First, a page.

Article summary: Nursing Home Design and COVID-19: Balancing Infection Control, Quality of Life, and Resilience (JAMDA)

Diana C. Anderson, Thomas Grey, Sean Kennelly, Desmond O’Neill,
Nursing Home Design and COVID-19: Balancing Infection Control, Quality of Life, and Resilience,
Journal of the American Medical Directors Association, Volume 21, Issue 11, 2020, Pages 1519-1524, ISSN 1525-8610, https://doi.org/10.1016/j.jamda.2020.09.005.

Article published in the Journal of the American Medical Directors Association (JAMDA) discussing the urgent need to examine the architectural design models of nursing homes to address both long-standing concerns about the adequacy of these facilities to support quality of life, and the inadequacies highlighted by the COVID-19 pandemic.

The article tackles the need for balance, and convergence, between infection control, quality of life and overall resilience and provides an overview of the relevant literature on design for quality of life and resilience, and on design issues across key spatial scales. The spatial issues covered include:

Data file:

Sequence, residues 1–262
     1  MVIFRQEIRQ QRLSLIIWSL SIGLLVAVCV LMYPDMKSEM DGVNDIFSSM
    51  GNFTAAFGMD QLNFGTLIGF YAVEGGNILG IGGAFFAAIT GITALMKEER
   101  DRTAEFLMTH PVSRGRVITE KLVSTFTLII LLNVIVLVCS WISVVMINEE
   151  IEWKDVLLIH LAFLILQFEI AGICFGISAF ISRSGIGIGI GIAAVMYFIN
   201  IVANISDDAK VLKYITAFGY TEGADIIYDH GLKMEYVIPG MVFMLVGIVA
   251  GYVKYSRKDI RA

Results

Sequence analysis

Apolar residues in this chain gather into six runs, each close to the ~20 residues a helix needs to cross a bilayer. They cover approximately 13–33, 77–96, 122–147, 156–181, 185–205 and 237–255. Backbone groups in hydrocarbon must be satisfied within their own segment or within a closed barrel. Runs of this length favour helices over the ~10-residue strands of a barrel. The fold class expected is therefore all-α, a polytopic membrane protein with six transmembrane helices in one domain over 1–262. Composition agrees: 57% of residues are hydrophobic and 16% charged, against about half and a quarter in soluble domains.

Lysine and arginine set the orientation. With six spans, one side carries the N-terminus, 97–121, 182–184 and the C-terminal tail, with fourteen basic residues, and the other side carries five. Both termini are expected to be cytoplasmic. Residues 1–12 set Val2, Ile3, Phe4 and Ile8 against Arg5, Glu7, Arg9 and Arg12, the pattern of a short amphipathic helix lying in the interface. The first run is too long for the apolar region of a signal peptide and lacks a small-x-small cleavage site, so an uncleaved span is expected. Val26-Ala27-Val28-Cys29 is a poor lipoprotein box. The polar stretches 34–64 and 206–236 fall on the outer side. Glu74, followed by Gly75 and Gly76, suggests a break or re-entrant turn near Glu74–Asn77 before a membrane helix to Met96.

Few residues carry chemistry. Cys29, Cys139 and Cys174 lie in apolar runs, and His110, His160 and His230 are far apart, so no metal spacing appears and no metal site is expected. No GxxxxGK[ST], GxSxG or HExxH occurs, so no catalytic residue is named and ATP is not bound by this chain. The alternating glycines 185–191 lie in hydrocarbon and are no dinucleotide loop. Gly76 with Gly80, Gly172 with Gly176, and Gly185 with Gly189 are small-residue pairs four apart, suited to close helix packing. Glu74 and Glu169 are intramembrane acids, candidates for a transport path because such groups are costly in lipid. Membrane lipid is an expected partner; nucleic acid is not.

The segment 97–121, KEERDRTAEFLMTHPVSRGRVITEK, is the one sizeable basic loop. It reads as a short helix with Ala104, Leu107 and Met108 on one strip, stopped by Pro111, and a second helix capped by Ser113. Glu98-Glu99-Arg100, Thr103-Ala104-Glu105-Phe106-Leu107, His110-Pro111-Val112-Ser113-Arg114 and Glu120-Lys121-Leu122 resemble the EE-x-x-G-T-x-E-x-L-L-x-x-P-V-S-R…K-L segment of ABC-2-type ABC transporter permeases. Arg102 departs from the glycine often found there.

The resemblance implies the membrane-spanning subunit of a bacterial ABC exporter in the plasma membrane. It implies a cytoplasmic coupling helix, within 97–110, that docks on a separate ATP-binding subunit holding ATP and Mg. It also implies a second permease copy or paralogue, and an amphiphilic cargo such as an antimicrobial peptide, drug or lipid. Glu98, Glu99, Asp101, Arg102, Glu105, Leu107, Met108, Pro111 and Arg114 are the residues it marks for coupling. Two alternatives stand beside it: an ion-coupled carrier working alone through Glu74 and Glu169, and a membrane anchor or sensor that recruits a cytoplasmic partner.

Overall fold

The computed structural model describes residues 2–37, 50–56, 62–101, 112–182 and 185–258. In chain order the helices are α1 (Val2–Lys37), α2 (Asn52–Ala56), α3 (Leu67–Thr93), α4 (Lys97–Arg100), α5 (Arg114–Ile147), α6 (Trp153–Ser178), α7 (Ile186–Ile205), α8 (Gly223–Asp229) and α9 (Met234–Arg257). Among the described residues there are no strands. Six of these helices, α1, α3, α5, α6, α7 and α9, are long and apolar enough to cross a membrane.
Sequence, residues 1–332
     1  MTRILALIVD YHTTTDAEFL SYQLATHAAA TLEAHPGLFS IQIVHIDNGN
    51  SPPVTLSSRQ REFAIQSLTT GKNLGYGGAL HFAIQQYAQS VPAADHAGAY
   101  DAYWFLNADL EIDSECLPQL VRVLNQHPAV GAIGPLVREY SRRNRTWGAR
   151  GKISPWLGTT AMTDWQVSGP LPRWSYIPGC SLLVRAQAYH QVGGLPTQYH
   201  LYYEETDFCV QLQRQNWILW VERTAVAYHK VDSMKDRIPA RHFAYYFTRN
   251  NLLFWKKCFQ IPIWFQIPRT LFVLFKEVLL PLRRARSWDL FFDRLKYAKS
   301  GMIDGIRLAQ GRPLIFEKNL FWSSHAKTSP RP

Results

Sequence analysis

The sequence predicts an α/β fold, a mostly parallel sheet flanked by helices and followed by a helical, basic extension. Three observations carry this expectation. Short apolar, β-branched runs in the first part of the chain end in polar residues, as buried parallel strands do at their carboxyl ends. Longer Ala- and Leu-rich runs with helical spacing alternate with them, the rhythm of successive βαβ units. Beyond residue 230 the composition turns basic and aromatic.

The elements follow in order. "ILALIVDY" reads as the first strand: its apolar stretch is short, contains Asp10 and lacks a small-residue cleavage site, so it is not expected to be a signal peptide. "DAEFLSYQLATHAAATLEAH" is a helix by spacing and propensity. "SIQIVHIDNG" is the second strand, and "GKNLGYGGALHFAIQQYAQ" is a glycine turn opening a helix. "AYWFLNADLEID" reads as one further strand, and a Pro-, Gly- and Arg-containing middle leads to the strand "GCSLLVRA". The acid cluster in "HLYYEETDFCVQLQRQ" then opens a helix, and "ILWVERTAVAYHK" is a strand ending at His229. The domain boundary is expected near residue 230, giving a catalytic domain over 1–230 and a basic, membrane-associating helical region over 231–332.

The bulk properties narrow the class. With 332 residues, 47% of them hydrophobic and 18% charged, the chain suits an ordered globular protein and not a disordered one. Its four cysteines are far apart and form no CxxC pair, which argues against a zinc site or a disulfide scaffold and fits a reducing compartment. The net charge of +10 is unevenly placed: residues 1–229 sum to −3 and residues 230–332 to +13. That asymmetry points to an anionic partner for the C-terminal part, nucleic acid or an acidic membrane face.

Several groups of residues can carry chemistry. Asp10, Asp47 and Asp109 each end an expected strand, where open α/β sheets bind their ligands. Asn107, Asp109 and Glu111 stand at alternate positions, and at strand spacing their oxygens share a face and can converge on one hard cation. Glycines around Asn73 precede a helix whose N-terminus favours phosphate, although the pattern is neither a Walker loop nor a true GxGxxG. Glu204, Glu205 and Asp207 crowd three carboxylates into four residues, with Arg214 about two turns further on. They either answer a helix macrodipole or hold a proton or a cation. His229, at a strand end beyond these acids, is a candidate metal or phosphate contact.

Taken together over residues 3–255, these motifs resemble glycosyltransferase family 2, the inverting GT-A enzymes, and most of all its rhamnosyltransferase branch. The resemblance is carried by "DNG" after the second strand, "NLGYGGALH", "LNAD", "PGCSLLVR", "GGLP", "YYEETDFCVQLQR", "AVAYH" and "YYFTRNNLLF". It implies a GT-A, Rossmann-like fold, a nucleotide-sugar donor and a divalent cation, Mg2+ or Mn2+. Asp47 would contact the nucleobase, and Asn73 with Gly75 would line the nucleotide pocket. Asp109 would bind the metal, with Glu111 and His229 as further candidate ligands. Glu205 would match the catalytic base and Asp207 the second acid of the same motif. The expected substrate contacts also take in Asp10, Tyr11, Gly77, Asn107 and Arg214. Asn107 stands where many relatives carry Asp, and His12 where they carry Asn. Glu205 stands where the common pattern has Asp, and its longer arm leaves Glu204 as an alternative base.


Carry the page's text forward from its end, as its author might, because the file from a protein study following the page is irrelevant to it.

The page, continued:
• macro-scale: proximity to a person’s home community, integration with health and social care and emergency services,
  • meso-scale: neighbourhood integration and connections, local air quality
  • micro-scale: these are particularly relevant to infection prevention control and include issues linked to the size and density of facilities, building configuration, access and internal circulation, key resident spaces (such as private rooms with bathrooms), transitional spaces, outdoor areas and spaces to exercise, key staff spaces and ventilation and air quality.

The article ends by proposing that “the future of residential design for older adults should promote quality of life, social interaction, and engagement, but more importantly foster collaboration with older adults“. The authors acknowledge the costs of retrofitting existing facilities or constructing new ones and call for research on the cost-effectiveness of nursing home design.

Finally, the authors call for collaboration between health and design professions “to yield design solutions that promote quality of life alongside pandemic preparedness and resilience“.

The full article can be found here: https://www.sciencedirect.com/science/article/pii/S152586102030788X?dgcid=author

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